Grapefruit’s Bitter-Sweet Secret: This Fruit Helps Diabetes Patients
Jan 31, 2011 02:34PM
Grapefruit’s piquant combination of sweet and slightly bitter tastes comes with a newly discovered benefit. Researchers have discovered that naringenin, an antioxidant derived from the bitter flavor of grapefruit and other citrus, may be of help to people with diabetes.
Naringenin, the researchers explain, causes the liver to break down fats instead of storing them, while increasing insulin sensitivity, two processes that naturally occur during long periods of fasting. The natural compound, the scientists suggest, seems to mimic some lipid-lowering and anti-diabetics drugs; it holds promise for aiding weight control, as well as regulation of blood-sugar levels, both vital components in treatment of Type 2 diabetes.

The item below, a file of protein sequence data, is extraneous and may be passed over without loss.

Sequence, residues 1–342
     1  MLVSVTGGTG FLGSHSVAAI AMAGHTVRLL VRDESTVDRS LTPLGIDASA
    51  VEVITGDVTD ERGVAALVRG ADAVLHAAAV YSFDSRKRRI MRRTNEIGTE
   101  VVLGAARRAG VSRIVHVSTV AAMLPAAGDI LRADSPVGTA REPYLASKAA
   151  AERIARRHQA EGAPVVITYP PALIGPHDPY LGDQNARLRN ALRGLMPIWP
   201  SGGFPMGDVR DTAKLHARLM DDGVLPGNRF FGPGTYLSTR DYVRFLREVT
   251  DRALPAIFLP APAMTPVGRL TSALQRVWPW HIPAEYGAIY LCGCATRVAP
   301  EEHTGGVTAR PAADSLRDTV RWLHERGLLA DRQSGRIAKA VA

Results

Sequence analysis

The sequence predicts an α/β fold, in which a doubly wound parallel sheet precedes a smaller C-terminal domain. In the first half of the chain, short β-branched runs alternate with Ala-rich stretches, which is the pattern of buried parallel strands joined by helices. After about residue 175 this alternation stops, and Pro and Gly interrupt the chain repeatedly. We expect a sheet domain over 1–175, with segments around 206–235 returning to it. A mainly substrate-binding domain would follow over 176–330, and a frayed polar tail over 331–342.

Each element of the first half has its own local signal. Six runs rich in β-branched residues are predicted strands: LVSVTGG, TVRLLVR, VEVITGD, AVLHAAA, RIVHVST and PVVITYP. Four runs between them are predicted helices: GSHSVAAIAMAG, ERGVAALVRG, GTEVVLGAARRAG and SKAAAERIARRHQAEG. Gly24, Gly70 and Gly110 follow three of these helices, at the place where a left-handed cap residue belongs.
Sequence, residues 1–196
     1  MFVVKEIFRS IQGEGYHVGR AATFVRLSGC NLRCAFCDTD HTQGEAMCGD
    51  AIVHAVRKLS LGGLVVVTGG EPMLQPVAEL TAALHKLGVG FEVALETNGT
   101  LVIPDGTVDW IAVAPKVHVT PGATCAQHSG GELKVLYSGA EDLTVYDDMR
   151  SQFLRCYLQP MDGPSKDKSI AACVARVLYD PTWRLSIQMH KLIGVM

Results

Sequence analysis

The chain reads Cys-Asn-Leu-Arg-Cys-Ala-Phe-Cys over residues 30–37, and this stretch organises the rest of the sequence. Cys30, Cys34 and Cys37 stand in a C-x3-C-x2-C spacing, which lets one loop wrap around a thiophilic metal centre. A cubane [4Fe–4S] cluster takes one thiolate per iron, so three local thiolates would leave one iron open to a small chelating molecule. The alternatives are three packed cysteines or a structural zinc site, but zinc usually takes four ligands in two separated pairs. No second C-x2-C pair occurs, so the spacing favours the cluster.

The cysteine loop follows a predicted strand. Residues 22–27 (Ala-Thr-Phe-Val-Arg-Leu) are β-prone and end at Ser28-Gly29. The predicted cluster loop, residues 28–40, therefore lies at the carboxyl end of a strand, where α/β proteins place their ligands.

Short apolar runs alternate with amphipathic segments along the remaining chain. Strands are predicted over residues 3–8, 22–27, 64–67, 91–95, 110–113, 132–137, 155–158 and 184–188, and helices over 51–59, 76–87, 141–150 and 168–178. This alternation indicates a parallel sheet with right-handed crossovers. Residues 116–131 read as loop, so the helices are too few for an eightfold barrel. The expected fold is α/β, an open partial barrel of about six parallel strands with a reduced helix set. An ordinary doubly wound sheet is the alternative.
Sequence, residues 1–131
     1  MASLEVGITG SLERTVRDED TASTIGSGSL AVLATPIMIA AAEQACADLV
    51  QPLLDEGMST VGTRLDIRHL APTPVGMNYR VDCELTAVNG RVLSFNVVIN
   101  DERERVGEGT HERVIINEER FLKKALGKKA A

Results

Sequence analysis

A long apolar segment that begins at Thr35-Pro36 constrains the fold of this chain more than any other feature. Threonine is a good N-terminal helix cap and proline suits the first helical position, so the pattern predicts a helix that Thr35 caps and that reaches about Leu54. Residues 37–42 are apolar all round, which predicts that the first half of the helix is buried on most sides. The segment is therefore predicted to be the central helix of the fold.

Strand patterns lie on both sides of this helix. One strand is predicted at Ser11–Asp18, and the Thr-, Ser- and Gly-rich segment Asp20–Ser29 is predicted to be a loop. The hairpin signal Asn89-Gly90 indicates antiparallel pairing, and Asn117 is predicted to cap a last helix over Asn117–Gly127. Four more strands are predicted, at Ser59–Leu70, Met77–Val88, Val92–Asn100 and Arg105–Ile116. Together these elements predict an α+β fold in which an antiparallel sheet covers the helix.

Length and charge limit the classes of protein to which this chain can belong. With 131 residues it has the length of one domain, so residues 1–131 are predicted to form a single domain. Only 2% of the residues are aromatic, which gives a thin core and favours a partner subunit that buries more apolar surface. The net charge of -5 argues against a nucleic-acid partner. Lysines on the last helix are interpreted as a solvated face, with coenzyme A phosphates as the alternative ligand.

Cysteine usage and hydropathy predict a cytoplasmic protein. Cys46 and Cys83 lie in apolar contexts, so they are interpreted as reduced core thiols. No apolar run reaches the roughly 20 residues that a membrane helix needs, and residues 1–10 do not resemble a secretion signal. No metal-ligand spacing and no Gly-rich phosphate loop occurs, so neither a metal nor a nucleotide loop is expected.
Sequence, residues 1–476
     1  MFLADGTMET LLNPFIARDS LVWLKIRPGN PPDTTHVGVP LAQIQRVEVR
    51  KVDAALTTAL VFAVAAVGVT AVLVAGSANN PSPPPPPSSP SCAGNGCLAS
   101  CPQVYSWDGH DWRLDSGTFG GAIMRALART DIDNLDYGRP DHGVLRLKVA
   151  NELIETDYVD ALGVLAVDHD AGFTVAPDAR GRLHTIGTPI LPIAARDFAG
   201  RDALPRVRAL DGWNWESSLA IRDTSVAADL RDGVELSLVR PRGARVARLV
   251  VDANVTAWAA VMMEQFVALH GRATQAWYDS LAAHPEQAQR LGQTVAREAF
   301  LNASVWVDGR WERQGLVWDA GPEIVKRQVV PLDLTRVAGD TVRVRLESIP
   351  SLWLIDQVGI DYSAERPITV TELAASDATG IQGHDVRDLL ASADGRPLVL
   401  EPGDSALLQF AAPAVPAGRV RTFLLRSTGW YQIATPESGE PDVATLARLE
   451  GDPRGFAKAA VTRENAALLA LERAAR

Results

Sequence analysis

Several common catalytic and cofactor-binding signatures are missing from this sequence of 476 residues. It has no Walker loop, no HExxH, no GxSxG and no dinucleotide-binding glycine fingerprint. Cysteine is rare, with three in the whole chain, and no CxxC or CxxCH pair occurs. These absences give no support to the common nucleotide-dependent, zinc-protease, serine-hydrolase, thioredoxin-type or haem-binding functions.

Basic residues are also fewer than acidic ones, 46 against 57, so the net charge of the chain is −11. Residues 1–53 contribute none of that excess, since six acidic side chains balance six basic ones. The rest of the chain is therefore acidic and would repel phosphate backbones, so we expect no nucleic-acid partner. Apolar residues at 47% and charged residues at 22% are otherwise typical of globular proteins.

“It is a process that is similar to the Atkins diet, without many of the side effects,” notes Martin L. Yarmush, Ph.D., a physician who is the director of the Massachusetts General Hospital Center for Engineering in Medicine and a study author. Earlier evidence has shown that naringenin also has cholesterol-lowering properties and may ameliorate some of the symptoms associated with diabetes.
Source: Public Library of Science